The main objective of this study is to determine the efficacy and safety of topical treatment of haemorrhoids. The following comparisons will be made:
- Comparisons between different topical anti piles treatments
- Any topical treatment compared with oral flavoring
- Any topical treatment compared with dietary modification alone, placebo or no treatment
- Any topical treatment compared with instrumental/surgical treatment
Subgroup comparisons will be made according to the severity of disease and presentation as well as a type of topical treatment if possible.
In most cases, the symptoms of piles are not serious. They normally resolve on their own after a few days. An individual with piles may experience the following symptoms:
A hard, possibly painful lump may be felt around the anus. It may contain coagulated blood. Piles that contain blood are called thrombosed external hemorrhoids.
- After passing a stool, a person with piles may experience the feeling that the bowels are still full.
- Bright red blood is visible after a bowel movement.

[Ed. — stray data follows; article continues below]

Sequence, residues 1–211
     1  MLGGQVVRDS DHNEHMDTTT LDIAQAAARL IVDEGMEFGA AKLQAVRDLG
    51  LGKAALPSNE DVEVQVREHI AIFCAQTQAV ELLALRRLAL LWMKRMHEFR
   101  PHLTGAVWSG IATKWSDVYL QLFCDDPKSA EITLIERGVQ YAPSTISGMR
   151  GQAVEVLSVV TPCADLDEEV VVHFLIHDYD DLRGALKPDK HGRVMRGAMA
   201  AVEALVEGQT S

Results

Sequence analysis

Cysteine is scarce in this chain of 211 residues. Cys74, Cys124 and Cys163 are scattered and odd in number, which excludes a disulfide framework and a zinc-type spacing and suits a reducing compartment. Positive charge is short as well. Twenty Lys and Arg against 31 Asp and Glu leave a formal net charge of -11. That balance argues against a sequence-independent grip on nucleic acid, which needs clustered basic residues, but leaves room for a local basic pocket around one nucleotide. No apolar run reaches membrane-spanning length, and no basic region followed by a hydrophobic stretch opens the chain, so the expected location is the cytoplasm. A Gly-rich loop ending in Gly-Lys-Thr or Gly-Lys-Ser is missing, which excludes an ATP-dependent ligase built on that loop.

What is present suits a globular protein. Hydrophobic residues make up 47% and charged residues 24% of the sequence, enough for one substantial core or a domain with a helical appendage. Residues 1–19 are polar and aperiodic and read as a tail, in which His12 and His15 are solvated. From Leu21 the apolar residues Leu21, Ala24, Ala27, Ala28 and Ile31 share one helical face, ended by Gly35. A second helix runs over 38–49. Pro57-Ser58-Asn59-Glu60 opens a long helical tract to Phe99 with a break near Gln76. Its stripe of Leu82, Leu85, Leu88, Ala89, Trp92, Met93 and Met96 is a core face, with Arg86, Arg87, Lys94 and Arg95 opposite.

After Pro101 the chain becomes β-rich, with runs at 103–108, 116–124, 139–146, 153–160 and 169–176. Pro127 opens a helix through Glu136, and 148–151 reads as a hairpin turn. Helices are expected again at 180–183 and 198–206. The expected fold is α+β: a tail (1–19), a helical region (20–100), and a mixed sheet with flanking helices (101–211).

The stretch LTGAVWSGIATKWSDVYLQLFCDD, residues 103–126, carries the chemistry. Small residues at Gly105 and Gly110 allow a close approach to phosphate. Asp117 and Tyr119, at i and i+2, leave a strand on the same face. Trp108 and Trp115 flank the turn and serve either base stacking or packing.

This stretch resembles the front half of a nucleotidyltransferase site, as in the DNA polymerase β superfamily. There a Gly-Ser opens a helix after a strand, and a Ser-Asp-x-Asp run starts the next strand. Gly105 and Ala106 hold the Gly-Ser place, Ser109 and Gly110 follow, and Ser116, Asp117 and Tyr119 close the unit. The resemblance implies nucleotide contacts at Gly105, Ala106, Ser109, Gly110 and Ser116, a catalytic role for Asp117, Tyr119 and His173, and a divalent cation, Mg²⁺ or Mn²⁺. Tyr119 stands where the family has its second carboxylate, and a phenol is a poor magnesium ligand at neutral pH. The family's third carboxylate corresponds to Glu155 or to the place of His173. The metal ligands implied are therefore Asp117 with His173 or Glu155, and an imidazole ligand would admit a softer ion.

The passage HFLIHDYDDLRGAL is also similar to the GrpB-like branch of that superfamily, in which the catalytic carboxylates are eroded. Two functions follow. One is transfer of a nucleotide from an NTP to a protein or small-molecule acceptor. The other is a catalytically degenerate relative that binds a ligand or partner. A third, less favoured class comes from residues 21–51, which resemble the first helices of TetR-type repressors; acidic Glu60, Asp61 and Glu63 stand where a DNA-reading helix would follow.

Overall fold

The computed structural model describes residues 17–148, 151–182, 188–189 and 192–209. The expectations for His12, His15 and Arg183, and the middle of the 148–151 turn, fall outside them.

- The area around the anus is itchy, red, and sore.
- Pain occurs during the passing of a stool.
- Piles can escalate into a more severe condition. This can include
- excessive anal bleeding, also possibly leading to anemia infection
- fecal incontinence, or an inability to control bowel movements
- anal fistula, in which a new channel is created between the surface of the skin near the anus and the inside of the anus
- a strangulated hemorrhoid, in which the blood supply to the hemorrhoid is cut off, causing complications including infection or a blood clot
The doctor places an elastic band around the base of the pile, cutting off its blood supply. After a few days, the haemorrhoid falls off. This is effective for treating all haemorrhoids of less than grade IV status.
Medicine is injected to make hemorrhoid shrink. Haemorrhoid eventually shrivels up. This is effective for grade II and III haemorrhoids and is an alternative to banding.
- Infrared coagulation
Also referred to as infrared light coagulation, a device is used to burn the haemorrhoid tissue. This technique is used to treat grade I and II haemorrhoids.
The excess tissue that is causing the bleeding is surgically removed. This can be done in various ways and may involve a combination of a local anaesthetic and sedation, a spinal anaesthetic, or a general anaesthetic. This type of surgery is the most effective for completely removing piles, but there is a risk of complications, including difficulties with passing stools, as well as urinary tract infections.
- Haemorrhoid stapling
Blood flow is blocked to the haemorrhoid tissue. This procedure is usually less painful than hemorrhoidectomy. However, this procedure can lead to an increased risk of haemorrhoid recurrence and rectal prolapse, in which part of the rectum pushes out of the anus.